Why does Manningham Council allow their staff (or contractors) to get away with such poor quality work and then pay more for it than they should. Why don't they put a stop to this low quality work and waste of public money?

As I have said many times before, Manningham council has very poor management skills and practices. Manningham council is very poor at managing people, processes and costs.

What Manningham council does is spend a huge amount of time, effort and money preparing and updating their numerous policy documents. (And to be fair, the State Government requires, by law, that councils prepare such policy documents.)

But I think their focus on policy documents is based on misguided beliefs and wishful thinking. Please let me explain.

From what I can tell, Manningham Council appears to think that policy documents are a very important tool of management.

Their policy documents explain the purpose, values, beliefs, goals and objectives of the various programs of Manningham council.

From what I can tell, Manningham council (and the state government) seem to think that if council employees know what the council objectives and values are, they will act accordingly.

Will they?

If I am right in how the council views their numerous policy documents, then I think there is a lot of wishful thinking going on at Manningham council (and in the State government).

From my experience, much tighter management of staff is required than just producing vague policy documents and expecting staff to read, understand and apply them.

It is true that many private companies also have policy and 'vision' documents. In my experience these have typically been one page or very small documents. They are usually nothing like the multipage volumes produced by Manningham Council.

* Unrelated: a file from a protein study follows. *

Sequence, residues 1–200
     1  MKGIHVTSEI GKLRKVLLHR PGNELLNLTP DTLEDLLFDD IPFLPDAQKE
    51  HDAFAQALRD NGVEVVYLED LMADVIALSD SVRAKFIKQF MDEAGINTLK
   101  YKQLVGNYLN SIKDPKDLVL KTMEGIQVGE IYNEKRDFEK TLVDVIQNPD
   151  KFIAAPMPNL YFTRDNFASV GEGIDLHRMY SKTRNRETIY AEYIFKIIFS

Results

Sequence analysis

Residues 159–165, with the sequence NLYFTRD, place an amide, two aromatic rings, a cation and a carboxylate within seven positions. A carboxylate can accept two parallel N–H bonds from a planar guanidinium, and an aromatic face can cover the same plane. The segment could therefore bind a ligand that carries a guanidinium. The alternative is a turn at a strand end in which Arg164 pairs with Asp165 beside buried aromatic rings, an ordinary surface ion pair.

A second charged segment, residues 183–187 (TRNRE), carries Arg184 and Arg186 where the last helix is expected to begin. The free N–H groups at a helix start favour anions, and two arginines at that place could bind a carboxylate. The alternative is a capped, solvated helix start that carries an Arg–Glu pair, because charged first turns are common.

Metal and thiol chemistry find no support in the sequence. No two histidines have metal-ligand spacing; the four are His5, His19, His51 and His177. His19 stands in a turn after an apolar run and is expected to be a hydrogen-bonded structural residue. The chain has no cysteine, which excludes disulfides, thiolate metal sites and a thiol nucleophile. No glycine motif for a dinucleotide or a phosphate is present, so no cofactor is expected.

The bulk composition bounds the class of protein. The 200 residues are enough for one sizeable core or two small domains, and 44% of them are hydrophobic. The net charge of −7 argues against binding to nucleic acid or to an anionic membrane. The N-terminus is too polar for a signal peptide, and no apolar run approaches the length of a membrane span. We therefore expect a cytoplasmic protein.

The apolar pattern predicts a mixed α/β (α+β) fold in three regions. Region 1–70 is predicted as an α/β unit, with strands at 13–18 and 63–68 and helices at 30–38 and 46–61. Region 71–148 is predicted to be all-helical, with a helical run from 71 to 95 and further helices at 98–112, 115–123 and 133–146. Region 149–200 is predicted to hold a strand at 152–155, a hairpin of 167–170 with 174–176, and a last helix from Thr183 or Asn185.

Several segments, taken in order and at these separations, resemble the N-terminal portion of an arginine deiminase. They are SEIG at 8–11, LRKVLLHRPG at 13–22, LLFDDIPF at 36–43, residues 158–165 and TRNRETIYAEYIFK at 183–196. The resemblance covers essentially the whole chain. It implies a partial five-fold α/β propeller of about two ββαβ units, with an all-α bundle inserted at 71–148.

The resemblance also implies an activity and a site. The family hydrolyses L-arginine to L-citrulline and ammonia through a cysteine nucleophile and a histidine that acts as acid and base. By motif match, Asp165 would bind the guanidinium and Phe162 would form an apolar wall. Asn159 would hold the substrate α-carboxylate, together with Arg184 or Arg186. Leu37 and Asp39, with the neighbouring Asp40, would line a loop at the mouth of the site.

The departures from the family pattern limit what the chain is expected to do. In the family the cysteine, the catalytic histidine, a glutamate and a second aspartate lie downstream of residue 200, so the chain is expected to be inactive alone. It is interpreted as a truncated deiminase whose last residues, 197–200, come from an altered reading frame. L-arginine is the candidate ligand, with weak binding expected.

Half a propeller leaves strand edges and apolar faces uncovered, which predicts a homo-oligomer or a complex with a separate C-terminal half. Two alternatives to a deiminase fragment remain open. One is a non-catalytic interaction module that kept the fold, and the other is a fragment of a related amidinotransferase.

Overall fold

Typically in private enterprise, managers do not primarily rely on staff to read and apply their policy or 'vision' documents. Instead, private enterprise normally ensures that values, standards and objectives are met by the careful management of people, processes, projects, etc. and by a careful and mature review afterwards of whether each job or project was successful or not.

Typically in private enterprise, an assessment or inspection is made of nearly all work done, (whether you are aware of this inspection taking place or not). And when a job is not up to standard or has not met it's objective you often know about it very quickly.

If private enterprise were to prepare 'policy' documents like the councils do, I am sure it would be seen as unnecessary and a massive waste of time and money.

 

Can councils manage properly?

Off course they can't.

Let's ask some simple questions.

Who checks work done by staff or contractors? Does anyone check work done? And who approves payment if the work is done by a contractor?

There is good evidence right now in Blackburn road that there are many gaps in Manningham Council's management practices. And that some very basic management skills are strangely missing.

Let me ask one more question. If this barrier was built by contractors, was there any inspection made by council staff before payment was made, or was payment simply made when the contractors said they had finished the job?

From what I can see, if this barrier was built by contractors, it would appear that payment was made when the contractors said they had finished and no inspection was made. And even if an inspection was made, then the council did not have the management skills and experience to have the shoddy work remedied.